AUSTIN – State Sen. Craig Estes on Tuesday hailed the creation of the Texas Crimes Against Children Center within the Texas Rangers Division of the Texas Department of Public Service.
“This Texas Crimes Against Children Center will be a major asset in the fight against crimes that endanger children,” said Estes, R-Wichita Falls, who chairs the Senate Committee on Agriculture, Rural Affairs and Homeland Security and whose District 30 includes Parker County. “This center will provide the type of resources that are essential in helping tracking down, arrest and prosecute the depraved criminals who harm our children.”
The new center is dedicated to protecting children through the collection and dissemination of vital intelligence, investigative support and cooperation with victim-assistance counselors.
“The exploitation and human trafficking of children is a deplorable crime, and it is critical that we use all available resources to keep them safe,” said DPS Director Steven McCraw.
The TCACC will be providing support to local, state and federal partners on investigations related to missing and exploited children, the trafficking of children, child abductions and other high-risk threats to children. In these instances, the TCACC will work to identify known child victims or at-risk children through reports or ancillary investigations, facilitate communications between multiple agencies and identify investigation resources.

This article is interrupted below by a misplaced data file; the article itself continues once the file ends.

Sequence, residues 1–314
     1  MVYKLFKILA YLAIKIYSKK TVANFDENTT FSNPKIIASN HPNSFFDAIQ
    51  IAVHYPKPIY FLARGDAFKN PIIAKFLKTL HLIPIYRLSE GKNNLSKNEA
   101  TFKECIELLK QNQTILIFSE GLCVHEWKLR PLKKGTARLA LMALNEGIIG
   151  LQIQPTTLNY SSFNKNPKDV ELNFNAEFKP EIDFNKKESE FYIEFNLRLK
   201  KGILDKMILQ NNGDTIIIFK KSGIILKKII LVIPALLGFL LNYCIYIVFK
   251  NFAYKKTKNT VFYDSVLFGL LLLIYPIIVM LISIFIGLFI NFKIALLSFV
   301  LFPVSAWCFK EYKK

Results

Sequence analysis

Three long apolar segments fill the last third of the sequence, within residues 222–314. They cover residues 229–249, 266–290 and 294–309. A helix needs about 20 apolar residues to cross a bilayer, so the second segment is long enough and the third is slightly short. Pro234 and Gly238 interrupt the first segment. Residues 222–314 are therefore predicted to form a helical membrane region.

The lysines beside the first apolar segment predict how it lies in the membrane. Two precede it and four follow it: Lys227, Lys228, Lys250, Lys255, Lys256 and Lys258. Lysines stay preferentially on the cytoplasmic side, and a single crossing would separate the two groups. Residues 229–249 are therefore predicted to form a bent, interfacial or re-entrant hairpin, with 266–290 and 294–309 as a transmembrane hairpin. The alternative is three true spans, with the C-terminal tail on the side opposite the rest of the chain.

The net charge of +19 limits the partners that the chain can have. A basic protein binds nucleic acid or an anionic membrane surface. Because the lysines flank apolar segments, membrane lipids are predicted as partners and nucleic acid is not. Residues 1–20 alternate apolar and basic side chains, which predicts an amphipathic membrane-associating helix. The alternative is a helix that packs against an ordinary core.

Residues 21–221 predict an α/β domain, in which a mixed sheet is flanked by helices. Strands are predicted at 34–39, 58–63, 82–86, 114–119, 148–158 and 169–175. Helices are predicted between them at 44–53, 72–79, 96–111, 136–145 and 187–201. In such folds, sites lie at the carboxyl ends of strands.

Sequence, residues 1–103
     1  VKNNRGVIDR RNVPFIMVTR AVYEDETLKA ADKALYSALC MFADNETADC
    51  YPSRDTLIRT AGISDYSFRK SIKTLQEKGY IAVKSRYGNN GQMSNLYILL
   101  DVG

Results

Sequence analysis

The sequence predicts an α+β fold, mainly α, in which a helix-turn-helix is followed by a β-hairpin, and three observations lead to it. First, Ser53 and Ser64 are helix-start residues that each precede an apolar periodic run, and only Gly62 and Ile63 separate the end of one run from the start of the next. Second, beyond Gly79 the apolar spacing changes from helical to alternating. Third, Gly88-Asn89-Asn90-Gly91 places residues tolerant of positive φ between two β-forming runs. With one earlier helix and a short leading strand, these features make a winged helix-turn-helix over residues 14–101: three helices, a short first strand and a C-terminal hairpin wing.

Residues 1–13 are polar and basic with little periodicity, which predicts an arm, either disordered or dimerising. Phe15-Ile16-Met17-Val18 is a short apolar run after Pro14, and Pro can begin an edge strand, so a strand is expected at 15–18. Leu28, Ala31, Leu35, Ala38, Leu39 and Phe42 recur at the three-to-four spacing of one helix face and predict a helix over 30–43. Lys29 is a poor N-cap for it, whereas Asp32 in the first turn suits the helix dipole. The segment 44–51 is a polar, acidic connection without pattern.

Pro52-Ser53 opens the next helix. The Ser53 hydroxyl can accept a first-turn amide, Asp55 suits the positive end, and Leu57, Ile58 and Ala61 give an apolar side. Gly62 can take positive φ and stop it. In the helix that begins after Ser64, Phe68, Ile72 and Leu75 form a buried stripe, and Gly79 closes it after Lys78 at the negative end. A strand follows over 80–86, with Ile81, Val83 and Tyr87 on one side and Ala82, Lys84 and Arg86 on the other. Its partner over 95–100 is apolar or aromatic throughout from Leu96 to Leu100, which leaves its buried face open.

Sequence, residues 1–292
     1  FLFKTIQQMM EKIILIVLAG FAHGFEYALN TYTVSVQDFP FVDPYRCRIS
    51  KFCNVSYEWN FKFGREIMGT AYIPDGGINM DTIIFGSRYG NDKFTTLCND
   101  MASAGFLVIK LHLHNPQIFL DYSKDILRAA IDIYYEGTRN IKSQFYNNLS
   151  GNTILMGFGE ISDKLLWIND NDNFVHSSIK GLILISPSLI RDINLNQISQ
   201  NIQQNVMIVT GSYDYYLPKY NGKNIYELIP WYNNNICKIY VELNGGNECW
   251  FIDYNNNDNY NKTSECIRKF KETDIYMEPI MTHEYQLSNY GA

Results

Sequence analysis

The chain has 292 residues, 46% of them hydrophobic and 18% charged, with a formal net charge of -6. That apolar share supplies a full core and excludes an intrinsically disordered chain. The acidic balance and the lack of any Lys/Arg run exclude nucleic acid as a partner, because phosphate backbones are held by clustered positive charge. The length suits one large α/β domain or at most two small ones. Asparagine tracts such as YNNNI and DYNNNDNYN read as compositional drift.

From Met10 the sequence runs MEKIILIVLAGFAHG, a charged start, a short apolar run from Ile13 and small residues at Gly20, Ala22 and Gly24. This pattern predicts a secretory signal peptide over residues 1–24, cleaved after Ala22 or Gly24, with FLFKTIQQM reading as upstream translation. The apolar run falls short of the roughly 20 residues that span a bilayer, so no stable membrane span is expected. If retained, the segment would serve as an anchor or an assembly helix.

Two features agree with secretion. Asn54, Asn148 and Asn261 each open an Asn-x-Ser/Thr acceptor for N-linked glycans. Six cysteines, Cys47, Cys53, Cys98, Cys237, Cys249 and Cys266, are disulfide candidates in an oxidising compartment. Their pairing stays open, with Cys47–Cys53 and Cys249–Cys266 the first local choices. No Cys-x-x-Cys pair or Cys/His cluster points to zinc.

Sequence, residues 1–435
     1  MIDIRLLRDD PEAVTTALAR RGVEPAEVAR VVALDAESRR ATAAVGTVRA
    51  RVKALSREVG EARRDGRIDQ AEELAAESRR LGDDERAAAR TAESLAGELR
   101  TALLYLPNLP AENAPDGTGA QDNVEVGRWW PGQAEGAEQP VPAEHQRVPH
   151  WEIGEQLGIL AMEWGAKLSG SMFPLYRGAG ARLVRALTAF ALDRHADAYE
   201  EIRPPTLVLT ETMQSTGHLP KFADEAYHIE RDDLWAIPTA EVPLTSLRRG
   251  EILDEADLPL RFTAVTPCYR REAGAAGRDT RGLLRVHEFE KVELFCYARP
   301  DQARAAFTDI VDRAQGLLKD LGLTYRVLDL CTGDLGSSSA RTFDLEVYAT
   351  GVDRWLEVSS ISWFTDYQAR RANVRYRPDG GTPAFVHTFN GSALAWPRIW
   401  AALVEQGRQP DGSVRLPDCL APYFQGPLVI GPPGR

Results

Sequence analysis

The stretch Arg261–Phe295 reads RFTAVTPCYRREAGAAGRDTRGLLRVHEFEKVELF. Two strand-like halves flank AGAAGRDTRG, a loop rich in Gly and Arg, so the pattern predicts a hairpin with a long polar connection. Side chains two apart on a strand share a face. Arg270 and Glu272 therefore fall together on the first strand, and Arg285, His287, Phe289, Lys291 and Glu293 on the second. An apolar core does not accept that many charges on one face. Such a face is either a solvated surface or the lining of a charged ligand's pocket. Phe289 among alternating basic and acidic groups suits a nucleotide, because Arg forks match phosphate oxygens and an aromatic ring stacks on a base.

Texas records from the DPS Missing Persons Clearinghouse show more than 4,400 active cases of missing children up to 17 years of age. Additionally, DPS has already successfully implemented the Interdiction for the Protection of Children program, which educates law enforcement officers about indicators to help identify and recover missing or exploited children during the course of a standard traffic stop, and to arrest suspects for sexual assault of a child.
As a result of IPC training, DPS has initiated more than 30 criminal investigations and recovered 112 missing or endangered children since 2010. Since the program’s inception, DPS has provided the IPC training to approximately 7,120 officers in Texas, nationally and internationally.
“Crimes against children are especially disturbing, because childhood should be a carefree time. Thankfully, this center will enhance the ability of Texas law enforcement agencies to effectively get offenders off the streets and protect children,” said Rep. Joe Pickett, chair of the House Committee on Homeland Security and Public Safety.
Other means used by DPS to try and protect Texas children include:
• Using the DPS Sex Offender Registry and enforcing sex offender compliance.
• Posting information on the Missing Persons Clearinghouse website.
• Activating AMBER alerts throughout the state when a child goes missing.
• Speaking to children about how to recognize and avoid dangers in their community.